Open to graduate and undergraduate students who are currently pursuing architecture or engineering degrees in an accredited university programme, as well as recent graduates (within the last four years) with a degree in architecture or engineering, participants of the FGC are encouraged to re-envision the terminal building in the year 2075.
All entries have to delve into one or more broad topic related to airport architecture and the future of aviation such as mobility, urbanisation, globalisation, technology, flexibility, security, project feasibility, and passenger experience in 2075.
And designs must centre on one of these airports or one of comparable size – Hartsfield-Jackson Atlanta (ATL); Beijing Capital (PEK); London Heathrow (LHR); Chicago O'Hare (ORD); Tokyo Haneda (HND); Los Angeles (LAX); Paris CDG (CDG); Dallas/Fort Worth (DFW); Frankfurt (FRA); and Hong Kong (HKG).
As part of the challenge, participants have to create a new airport concept that replaces current terminal structures.
The FGC's panel of judges or jury also includes Curtis Fentress, founder and principal in charge of design at Fentress Architects; IATA's Thomas Pellegrin; the FAA's Ken Gidlow; Rice Space Institute's Dr David Alexander; Harvard's Charles Waldeheim; and The Crash Detectives author, Christine Negroni.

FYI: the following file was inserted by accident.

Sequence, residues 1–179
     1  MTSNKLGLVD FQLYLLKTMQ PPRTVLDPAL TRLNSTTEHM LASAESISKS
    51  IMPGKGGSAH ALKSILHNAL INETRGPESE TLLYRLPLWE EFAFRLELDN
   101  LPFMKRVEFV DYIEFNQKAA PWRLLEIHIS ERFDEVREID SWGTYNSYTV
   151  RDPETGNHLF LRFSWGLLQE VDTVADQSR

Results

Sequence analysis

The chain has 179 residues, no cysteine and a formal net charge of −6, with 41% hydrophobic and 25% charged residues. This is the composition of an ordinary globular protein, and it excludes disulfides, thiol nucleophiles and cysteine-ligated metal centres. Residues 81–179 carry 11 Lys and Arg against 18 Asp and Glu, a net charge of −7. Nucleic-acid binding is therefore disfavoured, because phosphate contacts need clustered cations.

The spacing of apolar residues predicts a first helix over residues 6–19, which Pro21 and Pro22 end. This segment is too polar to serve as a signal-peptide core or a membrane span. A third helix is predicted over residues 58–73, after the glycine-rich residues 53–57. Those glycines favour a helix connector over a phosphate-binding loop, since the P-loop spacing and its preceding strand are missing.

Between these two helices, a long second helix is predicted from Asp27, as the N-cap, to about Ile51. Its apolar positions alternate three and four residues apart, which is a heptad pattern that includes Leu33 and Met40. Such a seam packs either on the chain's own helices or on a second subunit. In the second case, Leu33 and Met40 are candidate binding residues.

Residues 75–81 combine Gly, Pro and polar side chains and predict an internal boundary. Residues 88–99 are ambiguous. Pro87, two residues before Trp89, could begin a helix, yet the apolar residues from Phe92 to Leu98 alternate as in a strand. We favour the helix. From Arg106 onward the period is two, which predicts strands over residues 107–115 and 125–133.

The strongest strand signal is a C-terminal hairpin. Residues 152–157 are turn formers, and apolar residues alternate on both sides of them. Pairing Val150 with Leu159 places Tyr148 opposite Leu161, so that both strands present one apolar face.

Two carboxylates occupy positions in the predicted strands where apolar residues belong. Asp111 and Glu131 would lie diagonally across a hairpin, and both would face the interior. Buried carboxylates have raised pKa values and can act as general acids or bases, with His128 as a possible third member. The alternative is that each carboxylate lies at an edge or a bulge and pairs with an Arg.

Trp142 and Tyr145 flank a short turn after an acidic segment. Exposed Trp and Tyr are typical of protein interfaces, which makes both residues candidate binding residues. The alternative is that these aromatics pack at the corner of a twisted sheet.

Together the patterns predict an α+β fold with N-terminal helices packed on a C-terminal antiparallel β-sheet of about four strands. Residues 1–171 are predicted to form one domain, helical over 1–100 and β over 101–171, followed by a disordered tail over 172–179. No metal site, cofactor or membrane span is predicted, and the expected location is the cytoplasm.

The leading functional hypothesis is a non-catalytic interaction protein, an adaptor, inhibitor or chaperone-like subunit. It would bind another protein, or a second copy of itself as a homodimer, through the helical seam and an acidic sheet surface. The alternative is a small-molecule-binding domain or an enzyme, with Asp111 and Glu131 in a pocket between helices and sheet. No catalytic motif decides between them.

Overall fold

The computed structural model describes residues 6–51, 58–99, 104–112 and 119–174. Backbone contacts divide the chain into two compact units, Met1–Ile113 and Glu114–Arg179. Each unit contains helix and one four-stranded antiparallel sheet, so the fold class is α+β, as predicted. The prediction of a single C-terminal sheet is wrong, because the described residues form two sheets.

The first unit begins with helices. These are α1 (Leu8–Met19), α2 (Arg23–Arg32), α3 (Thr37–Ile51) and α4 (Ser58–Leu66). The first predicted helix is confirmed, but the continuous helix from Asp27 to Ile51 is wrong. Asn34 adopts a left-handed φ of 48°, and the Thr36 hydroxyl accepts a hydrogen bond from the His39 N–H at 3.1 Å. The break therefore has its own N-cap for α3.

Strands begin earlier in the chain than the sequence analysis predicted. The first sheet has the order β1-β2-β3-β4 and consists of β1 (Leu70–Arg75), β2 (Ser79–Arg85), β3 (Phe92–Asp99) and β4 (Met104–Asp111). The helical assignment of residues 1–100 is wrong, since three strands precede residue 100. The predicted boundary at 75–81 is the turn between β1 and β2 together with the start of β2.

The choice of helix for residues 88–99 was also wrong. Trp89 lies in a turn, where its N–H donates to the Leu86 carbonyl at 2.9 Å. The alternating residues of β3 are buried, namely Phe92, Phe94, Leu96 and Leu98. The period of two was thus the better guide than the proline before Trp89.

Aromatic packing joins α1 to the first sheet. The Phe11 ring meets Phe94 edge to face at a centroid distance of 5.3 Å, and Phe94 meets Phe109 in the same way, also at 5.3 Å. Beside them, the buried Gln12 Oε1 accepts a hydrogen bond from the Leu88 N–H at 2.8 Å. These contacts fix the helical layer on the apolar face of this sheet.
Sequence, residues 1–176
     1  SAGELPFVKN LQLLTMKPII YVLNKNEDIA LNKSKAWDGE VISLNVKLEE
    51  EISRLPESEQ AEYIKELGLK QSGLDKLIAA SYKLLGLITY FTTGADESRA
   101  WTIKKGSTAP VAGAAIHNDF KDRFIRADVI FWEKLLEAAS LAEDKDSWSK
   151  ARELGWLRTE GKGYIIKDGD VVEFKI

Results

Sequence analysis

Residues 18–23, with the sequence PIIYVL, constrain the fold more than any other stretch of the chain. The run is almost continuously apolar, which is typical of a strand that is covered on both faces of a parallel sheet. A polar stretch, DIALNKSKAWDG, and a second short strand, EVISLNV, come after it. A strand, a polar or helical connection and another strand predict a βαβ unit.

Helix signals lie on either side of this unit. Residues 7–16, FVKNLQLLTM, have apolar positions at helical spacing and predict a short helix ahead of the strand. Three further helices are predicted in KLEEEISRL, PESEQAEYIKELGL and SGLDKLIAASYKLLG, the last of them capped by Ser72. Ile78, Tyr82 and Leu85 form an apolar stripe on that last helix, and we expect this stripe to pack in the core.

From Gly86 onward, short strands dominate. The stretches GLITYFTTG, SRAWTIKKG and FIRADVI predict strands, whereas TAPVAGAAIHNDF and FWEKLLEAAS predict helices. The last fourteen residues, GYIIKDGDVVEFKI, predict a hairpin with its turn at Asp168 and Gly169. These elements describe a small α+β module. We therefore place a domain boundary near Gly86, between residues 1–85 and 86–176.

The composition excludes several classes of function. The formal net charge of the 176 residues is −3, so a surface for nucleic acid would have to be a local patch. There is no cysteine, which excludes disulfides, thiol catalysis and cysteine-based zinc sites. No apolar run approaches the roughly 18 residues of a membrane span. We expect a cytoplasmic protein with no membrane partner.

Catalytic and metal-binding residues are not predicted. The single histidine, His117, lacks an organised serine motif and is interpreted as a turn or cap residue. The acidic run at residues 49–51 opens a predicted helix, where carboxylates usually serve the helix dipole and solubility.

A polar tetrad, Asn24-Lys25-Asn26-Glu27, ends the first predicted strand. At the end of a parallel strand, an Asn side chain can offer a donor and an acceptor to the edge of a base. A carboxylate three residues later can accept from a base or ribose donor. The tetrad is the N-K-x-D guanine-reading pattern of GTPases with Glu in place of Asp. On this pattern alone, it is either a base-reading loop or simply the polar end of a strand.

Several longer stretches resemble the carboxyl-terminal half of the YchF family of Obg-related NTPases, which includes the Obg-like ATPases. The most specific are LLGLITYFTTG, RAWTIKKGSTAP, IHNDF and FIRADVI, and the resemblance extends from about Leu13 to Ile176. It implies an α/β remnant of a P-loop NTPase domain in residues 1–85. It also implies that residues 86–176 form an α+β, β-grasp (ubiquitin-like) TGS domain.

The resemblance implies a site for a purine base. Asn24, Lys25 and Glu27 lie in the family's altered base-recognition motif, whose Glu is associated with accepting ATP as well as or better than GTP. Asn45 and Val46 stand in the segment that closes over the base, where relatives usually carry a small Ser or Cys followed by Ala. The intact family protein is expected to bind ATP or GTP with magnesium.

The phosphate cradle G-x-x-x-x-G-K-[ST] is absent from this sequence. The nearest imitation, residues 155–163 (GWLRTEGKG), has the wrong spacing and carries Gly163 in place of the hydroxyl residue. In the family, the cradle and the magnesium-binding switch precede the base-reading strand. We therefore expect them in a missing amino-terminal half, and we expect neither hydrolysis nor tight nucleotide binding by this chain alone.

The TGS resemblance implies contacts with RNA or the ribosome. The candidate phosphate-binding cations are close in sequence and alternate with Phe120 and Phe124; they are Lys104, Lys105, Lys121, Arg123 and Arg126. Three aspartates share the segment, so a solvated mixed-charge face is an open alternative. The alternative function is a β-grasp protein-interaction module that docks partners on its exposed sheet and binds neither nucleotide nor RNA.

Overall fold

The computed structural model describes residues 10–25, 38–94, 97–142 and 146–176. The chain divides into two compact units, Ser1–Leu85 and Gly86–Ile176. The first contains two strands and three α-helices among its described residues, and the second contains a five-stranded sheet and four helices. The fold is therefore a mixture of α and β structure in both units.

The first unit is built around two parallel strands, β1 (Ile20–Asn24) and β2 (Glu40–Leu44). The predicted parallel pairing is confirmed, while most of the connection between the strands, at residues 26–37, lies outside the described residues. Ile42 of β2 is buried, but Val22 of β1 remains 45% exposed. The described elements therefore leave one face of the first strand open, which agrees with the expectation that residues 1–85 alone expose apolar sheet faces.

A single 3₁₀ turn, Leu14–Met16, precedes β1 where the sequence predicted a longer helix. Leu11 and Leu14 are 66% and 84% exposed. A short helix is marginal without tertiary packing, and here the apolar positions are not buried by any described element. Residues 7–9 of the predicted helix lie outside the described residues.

Upon the release of the shortlist on July 1, 2019, jury members will assess each shortlisted design based on creative approach, response to site, sustainability, and functionality.
On July 17th, the jury will meet to determine the First-Place winner, who will receive US$10,000 in prize money along with the opportunity to accompany Curtis Fentress to a prestigious architectural event where the winner(s) will receive their award.
Three additional winners will receive smaller cash prizes.
Fentress Architects says: "The rapid evolution of airports necessitates the incorporation of the latest developments in technology, design, and social trends around the globe.
"To address these changes, we launched the Fentress Global Challenge to advance the pursuit of innovative airport design. Participants must choose an existing airport and envision how its terminals will look and function in 2075, focusing on local context, technological trends, project innovation and passenger experience.
"The students’ innovations will spark conversation amongst the jury, creating a think tank where the jury members will discuss future trends in airport design."